Meanwhile, candidates can only be arrested if they are caught committing a crime. That immunity is extended once they are elected, making them practically untouchable throughout their six-year terms as senators, four years as deputies and five years as president.
The immunity issue was highlighted in 2012 when two members of the lower Chamber of Deputies, Rodriguez Sejour and M’Zou Naya Bélange Jean-Baptiste, were accused of orchestrating the murder of police officer Walky Calixte. The men were later indicted by a Haitian investigative judge, Jean Wilner Morin, who demanded that their parliamentary immunity be lifted. Fellow lawmakers refused. In June, an appeals court upheld Morin’s order. The decision came three years after Morin’s order, and after parliament had dissolved. The men are still awaiting trial, although local media report that Sejour has fled the country.
The immunity perk, alone, is the reason why many are running for elected office, observers say.
When Antoine went to apply for his criminal record from DCPJ on March 23, the unit didn’t know a judge had issued an arrest warrant. They were notified in July and picked him up 15 days later.
“His arrest wasn’t legal,” said Valéry Numa, the radio host of the Vision 2000 morning program.
This isn’t the first time Haitians have faced an election with candidates on the ballot accused of criminal wrongdoing.
In 2006, Willot Joseph was a candidate for the Chamber of Deputies while in jail for vehicle theft. Nevertheless, he won office and was released to assume the post. Four years later, after finishing his term in the lower house, Joseph tried to run for the Senate but a new CEP disqualified him.
This year, however, Joseph’s candidacy for the Senate under President Michel Martelly’s PHTK party banner was accepted.
Martelly is a singer who performed under the stage name “Sweet Micky” and parlayed his celebrity status into becoming president. To some, his 2008 song,Bandi Legal (Legal Bandit), has come to describe the incoming parliament.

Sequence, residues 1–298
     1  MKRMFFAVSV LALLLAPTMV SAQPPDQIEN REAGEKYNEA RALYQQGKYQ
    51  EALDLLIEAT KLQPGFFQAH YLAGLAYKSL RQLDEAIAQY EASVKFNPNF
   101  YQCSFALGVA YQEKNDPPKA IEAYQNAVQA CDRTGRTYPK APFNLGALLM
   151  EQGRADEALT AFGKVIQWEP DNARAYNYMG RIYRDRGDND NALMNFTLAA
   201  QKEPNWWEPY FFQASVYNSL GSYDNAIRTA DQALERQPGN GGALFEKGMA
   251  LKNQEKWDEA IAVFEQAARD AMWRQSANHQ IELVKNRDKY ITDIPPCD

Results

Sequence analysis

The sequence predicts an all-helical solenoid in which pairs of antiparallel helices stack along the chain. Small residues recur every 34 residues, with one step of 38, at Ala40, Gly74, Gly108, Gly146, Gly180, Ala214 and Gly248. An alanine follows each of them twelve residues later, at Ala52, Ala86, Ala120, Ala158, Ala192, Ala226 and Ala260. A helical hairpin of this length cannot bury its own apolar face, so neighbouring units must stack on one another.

“Because Martelly is president, it has opened an air duct. Almost everyone here thinks they can be president,” said Numa. And just as Martelly remade himself, Numa said, “you have candidates who are trying to remake themselves.”
One such character was Levelt Francois, who was removed from the list of presidential candidates because of a drug conviction after first being approved. After the electoral council’s decision, Francois made the radio news rounds, including Numa’s show, professing his innocence and claiming to be a victim of mistaken identity.
According to a file provided by Gilles’ organization, however, officials at the U.S. Embassy in Port-au-Prince received a July 2002 letter from U.S. immigration officials requesting travel documents for Francois who had been convicted in 1988 of “possession with the intent to distribute crack and cocaine.” A deportation order was entered for him in 1997.
The most well-known of the infamous candidates running is former Haitian police official-turned-coup leader, Guy Philippe. Philippe, who led a bloody coup against former President Jean-Bertrand Aristide in 2004, was disqualified from running for a Senate seat in 2009. This spring, however, Philippe’s candidacy to represent the Grand’Anse region in the Senate was approved.
In a radio interview, Philippe said all of his documents were in order. Gilles, however, said the human rights group confirmed that Philippe never received his criminal record from the judicial police. In fact, he never applied, said the police source.
Philippe is wanted in the U.S. under a sealed drug indictment and is the subject of a Haitian police arrest warrant seeking his extradition. When diplomats asked elections officials how Philippe was allowed to run, they were told no one challenged his candidacy, according to another source privy to the inquiries.
“He’s circulating; he’s campaigning,” Gilles said. “Don’t be surprised if you have a parliament with Guy Philippe in it. I don’t know how the U.S. government will deal with him as a lawmaker.”
With only days left before the vote, Numa says it’s either up to Haiti’s judicial system to step in or voters to use the ballot box to support rule of law. “What you have is an election of money and guns that’s being conducted now,” he said.